This (true) story originally appeared on the Simpson/Lynch Studios blog, but has since been deleted from there. Anyone who reads that blog as well as this one has probably seen it. If you've already seen it... oh, well. But I'm betting you probably haven't.
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The team of Simpson and Lynch was formed in the early 1980s. In relatively short order, we had several concepts upon which we wanted to collaborate. Some of these got completed, and offered to publishers, comic strip syndicates, etc.
The very first comic S'n'L offered was -- I'm quoting from my own article about Mark Slamm, the Humiliator, on the Simpson/Lynch Studios blog, here! -- "a comic strip called Hawklad (which was later published as a comic book called The Bird). We received seven rejections from seven newspaper syndicates. Two of those seven said that they liked our stuff, but wanted to see something other than a funny superhero. So Skip and I decided we'd try to give them what they wanted. The second comic strip concept from Simpson/Lynch Studios was a sitcom of sorts called Life with Skip... A prominent member of Life with Skip's supporting cast was Skip's next-door neighbor and de facto best friend, author Mike Serf."
And there's one more thing worth mentioning. Author Mike Serf had a wife. Oh, yes, we can't forget her!
(Okay, everybody, get those Tarantino Pulp Fiction "honey-bunny" comparisons out of your systems. Our character, which pre-dated Pulp Fiction by more than ten years, was a woman whose name was either "Honey" or "Bunny." One has absolutely nothing to do with the other. Besides... sappy, cutesy, goo-goo terms of endearment like "honey-bun," "honey-bunch," and the like have been around a lonnng time.)
If Life with Skip had sold, I doubt we'd have utilized Honey-or-Bunny all that often. She was pretty much a one-joke character. Maybe whenever she appeared, the other characters could have called her both Honey and Bunny interchangeably... and we could have ignored the confusion except whenever someone wrote in to say, "Okay, now which is it? Honey, or Bunny?!?" To which we'd have replied, "Uhhh... Yes."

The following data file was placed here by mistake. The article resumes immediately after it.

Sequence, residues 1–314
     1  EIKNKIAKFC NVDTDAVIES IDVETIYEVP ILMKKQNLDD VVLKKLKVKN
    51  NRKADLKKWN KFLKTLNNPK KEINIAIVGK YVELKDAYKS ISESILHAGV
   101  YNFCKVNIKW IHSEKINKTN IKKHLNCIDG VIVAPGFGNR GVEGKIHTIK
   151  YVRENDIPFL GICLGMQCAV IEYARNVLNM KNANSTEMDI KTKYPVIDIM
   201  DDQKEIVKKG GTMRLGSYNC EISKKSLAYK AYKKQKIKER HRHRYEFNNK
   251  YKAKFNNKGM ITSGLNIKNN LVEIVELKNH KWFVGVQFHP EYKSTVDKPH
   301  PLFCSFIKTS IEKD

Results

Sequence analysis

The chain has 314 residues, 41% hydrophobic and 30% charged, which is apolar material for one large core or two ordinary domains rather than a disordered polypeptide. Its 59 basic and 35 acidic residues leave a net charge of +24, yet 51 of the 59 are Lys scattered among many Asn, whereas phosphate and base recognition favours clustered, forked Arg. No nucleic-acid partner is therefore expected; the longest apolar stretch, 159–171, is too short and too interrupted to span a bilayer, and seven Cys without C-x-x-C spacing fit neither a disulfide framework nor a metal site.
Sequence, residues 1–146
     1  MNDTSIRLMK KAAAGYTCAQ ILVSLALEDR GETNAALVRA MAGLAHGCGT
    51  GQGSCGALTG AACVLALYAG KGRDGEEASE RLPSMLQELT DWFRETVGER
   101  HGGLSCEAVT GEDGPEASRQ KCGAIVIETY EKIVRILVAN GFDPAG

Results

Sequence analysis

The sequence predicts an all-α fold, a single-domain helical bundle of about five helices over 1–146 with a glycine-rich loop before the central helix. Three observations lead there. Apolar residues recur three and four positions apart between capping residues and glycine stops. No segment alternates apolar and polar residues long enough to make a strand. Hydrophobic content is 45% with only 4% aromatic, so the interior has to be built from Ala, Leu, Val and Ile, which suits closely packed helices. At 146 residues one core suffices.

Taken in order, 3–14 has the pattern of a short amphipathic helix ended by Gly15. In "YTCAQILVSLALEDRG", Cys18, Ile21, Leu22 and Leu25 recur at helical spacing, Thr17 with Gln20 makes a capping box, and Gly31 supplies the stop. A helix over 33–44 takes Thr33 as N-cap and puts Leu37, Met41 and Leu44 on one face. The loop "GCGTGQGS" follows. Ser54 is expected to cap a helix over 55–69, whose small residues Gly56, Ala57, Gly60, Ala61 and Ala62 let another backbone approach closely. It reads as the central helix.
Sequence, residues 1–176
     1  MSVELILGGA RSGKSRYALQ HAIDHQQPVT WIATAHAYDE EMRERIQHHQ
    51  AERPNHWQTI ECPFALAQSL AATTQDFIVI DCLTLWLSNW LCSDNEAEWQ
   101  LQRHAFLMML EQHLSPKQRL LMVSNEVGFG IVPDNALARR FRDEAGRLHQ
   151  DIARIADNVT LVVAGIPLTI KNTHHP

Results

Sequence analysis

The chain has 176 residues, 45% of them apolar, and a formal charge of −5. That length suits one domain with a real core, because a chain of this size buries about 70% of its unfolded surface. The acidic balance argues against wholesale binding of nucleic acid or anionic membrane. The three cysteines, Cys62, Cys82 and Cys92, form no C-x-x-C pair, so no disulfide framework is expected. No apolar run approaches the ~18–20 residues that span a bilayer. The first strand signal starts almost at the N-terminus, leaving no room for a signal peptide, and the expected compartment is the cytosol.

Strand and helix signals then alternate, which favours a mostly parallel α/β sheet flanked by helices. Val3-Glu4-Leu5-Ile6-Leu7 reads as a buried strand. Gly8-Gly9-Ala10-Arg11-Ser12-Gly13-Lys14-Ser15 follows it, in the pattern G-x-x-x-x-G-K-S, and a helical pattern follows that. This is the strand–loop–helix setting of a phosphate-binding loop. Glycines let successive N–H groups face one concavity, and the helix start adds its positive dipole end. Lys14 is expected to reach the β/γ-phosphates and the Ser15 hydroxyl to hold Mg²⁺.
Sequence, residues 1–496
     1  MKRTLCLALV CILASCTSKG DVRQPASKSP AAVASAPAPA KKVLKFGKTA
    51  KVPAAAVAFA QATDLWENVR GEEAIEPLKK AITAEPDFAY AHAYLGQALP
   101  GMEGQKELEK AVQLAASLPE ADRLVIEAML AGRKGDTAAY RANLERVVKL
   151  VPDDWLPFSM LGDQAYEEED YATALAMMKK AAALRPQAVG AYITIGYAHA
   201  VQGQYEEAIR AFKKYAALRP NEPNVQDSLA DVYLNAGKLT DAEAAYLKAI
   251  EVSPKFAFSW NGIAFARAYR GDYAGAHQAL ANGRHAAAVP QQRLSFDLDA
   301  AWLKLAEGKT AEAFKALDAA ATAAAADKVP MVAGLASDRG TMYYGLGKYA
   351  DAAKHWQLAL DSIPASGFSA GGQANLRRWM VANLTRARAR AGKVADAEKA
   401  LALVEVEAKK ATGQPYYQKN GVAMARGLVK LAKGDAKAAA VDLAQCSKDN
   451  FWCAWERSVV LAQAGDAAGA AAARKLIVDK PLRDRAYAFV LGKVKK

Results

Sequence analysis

One of the aforementioned syndicate editors who rejected Hawklad actually liked the idea of a funny superhero. In fact, he actually suggested that he'd have been more interested if Hawklad had been even more outrageous, and as a comparison, he cited DC's Ambush Bug character, who was then undergoing his first burst of popularity. (I was familiar with the Bug, being a comic book
geek follower; Skip was not.)
Now, I'm not sure if Skip suggested something along the line of "If you want Ambush Bug, why don't you contact his owners?" or not, but whether Skip did, or the syndicate editor thought to do so all on his own...
(Okay, my conjecture starts here!)
I'm guessing that the editor contacted either DC Comics (Ambush Bug's legal owner), or the Bug's writer (Robert Loren Fleming), or the character's artist (Keith Giffen), or both of the latter.
I'm guessing that the editor asked if anyone was interested in doing Ambush Bug as a daily comic strip.
I'm guessing that the offer was never acted upon, either because DC wouldn't allow it, or Fleming & Giffen didn't want to "dilute" the character with over-exposure, or... hell, I can come up with about half a dozen reasons.
But I'm also guessing that at some point, the editor talked with Fleming and/or Giffen about how he got the idea to contact them in the first place. And I'm guessing that he mentioned Hawklad, and some other Simpson/Lynch ideas... like "Honey-or-Bunny" from Life with Skip.
And I'm pretty darned sure that the conversation I'm imagining resulted in this little gem, which finally saw the light of day in 1986's Son of Ambush Bug mini-series:
I -- seriously -- don't want to accuse Fleming and/or Giffen of anything above and beyond "vaguely remembering" the ditzy blonde character from earlier -- i.e., two to four years earlier -- conversations about their own Ambush Bug character, but... Total coincidence?
I think not.
Draw your own conclusions, folks.
Thanks for your time.